Madness or Human – Doing the same thing over & over, expecting different results.
I love gadgets and innovation. From ZX Spectrum, Atari, Nintendo, Nokia, Creative Nomad Jukebox, Sony Clié, Dell, Grunge, iPhone, Apple Mac, Bluetooth, Apps, Wifi, One Plus, Indie, Canon, Motorola 360, Fitbit, AI, Data analytics. Chatbots, AR, VR and much more. I’ve been lucky to embrace an amazing array of gadgets and live through the fast paced world of cool innovation over the last 40 plus years.
I never grow tired of the latest new thing and embrace it with the enthusiasm of a child on Christmas morning. I remember when apps became a thing and the 400 plus apps I had on my iPhone of which I probably used 10. I just couldn’t bring myself uninstall the other 390 just in case one day I needed an app that could translate my voice into animal sounds (it’s an app trust me).
I embrace innovation and change with boundless enthusiasm and in my naivety I expect everyone to be pretty much the same. However since I’ve moved more into the tech world I’ve discovered a populous of sceptics and a tech weary public that are much more careful about what they will download and maybe one day love.
Innovation has become hard and no longer will the allure of the next new shiny thing guarantee success. Yes we’re looking at you Juicero. In 2017 there are 2.8 million apps in the Android store and 2.2 million in the Apple app store. That’s a lot of ‘innovation’ to chose from and people are becoming far more discerning and protective of their own personal data.
People are by nature inherently lazy. By that I mean that they are slow to change from their routine, what they know. Cognitive ease means that the human brain prefers to perform the most comfortable or routine activities. The activities that it has become used to, that it knows and understands, even if this is not always the best outcome for the individual or the corporation. As Nobel laureate Daniel Kahneman stated, “Laziness is built deep into our nature.”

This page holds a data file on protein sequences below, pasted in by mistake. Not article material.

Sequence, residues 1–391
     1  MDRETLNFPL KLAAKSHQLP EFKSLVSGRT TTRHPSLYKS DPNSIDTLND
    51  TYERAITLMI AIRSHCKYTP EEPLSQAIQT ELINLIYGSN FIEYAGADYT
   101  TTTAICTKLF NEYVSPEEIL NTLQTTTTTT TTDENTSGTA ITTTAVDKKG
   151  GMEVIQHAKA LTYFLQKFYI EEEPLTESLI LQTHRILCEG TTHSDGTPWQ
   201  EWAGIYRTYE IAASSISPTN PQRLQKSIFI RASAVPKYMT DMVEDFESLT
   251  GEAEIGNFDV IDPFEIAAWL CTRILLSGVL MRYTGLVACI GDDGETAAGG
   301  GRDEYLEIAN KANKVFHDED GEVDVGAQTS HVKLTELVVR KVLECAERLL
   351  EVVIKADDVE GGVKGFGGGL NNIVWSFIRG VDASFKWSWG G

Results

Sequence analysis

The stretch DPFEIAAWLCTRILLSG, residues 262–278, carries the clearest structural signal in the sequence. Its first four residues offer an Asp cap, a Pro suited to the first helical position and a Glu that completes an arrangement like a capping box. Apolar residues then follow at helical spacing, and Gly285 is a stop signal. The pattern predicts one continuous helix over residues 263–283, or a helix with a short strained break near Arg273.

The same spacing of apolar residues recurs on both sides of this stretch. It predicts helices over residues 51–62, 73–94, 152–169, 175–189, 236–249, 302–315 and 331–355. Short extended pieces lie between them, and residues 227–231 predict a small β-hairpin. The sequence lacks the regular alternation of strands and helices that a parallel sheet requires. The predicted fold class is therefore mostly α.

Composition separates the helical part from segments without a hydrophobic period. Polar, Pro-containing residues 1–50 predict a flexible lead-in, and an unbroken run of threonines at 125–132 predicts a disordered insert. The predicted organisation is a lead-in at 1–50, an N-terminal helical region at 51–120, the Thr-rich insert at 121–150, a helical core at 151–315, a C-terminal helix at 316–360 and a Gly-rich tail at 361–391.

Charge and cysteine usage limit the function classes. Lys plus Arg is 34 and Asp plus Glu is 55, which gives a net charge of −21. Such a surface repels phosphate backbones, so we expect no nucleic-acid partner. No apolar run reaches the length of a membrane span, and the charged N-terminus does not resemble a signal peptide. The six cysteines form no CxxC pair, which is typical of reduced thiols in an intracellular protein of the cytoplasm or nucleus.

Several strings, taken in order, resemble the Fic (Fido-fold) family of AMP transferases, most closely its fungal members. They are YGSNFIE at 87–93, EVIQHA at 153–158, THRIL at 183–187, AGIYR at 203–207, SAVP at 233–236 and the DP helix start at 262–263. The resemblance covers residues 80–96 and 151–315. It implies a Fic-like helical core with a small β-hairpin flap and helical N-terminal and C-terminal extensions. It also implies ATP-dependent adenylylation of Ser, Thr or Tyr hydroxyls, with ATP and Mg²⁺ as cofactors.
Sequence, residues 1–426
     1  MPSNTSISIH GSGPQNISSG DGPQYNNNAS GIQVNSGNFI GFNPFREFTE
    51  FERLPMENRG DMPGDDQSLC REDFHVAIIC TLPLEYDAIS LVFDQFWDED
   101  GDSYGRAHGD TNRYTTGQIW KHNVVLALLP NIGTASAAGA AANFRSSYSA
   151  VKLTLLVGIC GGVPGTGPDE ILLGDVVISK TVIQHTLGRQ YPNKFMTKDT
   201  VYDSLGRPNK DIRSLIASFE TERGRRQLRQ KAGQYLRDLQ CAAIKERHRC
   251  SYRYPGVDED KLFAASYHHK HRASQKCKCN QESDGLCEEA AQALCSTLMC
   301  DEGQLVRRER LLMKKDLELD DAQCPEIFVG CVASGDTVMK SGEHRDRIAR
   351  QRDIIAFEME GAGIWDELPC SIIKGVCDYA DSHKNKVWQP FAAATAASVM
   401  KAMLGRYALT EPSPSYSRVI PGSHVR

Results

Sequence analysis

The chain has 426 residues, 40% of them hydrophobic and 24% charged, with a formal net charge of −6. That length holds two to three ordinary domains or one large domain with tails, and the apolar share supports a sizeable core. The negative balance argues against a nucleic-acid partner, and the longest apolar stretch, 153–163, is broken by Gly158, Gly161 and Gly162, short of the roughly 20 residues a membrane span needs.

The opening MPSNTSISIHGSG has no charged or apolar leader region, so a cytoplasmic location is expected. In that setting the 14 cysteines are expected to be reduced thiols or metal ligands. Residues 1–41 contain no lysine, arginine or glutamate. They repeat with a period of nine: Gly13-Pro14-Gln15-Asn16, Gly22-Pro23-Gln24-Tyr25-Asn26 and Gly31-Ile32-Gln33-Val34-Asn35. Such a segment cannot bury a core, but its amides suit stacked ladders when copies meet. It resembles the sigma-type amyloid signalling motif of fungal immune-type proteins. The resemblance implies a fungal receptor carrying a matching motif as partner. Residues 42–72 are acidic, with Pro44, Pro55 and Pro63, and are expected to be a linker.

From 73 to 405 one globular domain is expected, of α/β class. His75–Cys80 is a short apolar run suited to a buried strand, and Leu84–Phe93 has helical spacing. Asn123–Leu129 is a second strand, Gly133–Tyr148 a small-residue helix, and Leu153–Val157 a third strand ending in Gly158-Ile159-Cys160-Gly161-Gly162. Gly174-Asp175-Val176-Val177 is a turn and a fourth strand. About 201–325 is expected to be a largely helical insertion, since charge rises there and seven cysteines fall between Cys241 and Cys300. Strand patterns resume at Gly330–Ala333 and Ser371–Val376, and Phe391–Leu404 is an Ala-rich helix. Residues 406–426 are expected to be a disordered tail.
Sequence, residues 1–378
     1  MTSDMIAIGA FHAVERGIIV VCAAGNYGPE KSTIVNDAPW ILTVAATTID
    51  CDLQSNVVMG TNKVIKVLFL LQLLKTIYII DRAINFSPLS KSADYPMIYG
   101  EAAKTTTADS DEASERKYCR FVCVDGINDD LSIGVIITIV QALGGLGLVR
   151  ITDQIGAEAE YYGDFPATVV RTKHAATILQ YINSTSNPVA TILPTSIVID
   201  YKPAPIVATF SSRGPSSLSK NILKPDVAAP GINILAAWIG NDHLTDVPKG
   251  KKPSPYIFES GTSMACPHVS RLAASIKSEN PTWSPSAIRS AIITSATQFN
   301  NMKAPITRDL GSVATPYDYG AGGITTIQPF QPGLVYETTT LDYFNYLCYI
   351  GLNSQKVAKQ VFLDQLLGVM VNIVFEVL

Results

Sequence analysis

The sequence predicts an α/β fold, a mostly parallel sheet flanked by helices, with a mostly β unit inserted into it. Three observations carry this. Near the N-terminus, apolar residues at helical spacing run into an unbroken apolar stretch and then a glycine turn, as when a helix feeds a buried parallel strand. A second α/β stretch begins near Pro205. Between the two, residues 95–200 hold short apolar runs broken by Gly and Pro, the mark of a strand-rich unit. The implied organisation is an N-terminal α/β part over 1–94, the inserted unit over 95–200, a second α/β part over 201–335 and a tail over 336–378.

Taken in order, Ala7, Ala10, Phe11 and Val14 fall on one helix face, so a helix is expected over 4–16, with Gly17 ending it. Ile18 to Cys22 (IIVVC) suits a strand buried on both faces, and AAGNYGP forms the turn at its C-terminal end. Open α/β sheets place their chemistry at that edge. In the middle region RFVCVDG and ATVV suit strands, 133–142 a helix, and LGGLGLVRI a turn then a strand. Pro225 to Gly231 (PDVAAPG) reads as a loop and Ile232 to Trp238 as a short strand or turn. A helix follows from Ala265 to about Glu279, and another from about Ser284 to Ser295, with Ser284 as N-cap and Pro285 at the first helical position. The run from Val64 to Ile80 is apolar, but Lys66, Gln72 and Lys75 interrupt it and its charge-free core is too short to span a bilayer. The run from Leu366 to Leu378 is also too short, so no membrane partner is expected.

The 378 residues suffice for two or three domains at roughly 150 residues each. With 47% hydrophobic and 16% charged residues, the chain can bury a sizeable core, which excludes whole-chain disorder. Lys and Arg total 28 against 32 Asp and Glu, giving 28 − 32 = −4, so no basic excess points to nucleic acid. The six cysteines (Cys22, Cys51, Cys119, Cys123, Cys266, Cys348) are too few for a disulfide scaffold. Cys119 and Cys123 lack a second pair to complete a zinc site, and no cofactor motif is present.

In a recent Forbes article by Edward D Hess, Hess muses, Thinking differently is also hard emotionally. Many neuroscientists, including Antonio Damasio and Mary Helen Immordino-Yang, believe that our emotions influence and are integrally intertwined in most of our cognitive processing. In other words, rationality is a myth. Emotionally, we seek to affirm our self-image (our ego) and we use the 3Ds—deny, defend, and deflect—to ward off challenges to it and to our views of the world. Fear is one of the emotions that comes all too naturally to most of us—and makes it hard for us to engage in the messy work of innovation. Fear of failure, fear of looking bad, and fear of losing our job if we make mistakes all can lead to what Chris Argyris called “defensive reasoning”: the tendency to defend what we believe. This makes it hard to get outside of ourselves in order to “think out of the box.”
All of my professional career has been in media, an area once considered cutting edge and innovative has in the last few years been tarnished with a deathly moniker, contrary to innovative – ‘traditional’. Print, radio & TV have all suffered in a wave of digital dominance. Although I have also worked with ‘new’ media, in the world of digital transformation my grá for ‘traditional’ media seems to conflict with my enthusiasm for innovation.
When I started our company buymedia in 2016 part of our mission was to vaporise the word ‘traditional’, transform media, make it cool again and not the creepy guy that no-one wants to hang out with at parties. Although €144 billion is spent annually on ‘traditional’ media advertising by SMEs this is in slow decline while growth in digital and mobile advertising is experiencing double digit annual growth.